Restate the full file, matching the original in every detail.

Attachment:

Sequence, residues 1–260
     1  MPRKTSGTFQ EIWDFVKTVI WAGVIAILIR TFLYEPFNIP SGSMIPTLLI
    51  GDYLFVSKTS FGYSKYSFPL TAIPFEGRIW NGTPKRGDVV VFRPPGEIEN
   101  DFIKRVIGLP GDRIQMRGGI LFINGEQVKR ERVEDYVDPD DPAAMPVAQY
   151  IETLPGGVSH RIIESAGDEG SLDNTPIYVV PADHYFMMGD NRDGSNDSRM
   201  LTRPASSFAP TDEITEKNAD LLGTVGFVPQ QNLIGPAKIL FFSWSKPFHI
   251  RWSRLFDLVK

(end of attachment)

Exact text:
Sequence, residues 1–260
     1  MPRKTSGTFQ EIWDFVKTVI WAGVIAILIR TFLYEPFNIP SGSMIPTLLI
    51  GDYLFVSKTS FGYSKYSFPL TAIPFEGRIW NGTPKRGDVV VFRPPGEIEN
   101  DFIKRVIGLP GDRIQMRGGI LFINGEQVKR ERVEDYVDPD DPAAMPVAQY
   151  IETLPGGVSH RIIESAGDEG SLDNTPIYVV PADHYFMMGD NRDGSNDSRM
   201  LTRPASSFAP TDEITEKNAD LLGTVGFVPQ QNLIGPAKIL FFSWSKPFHI
   251  RWSRLFDLVK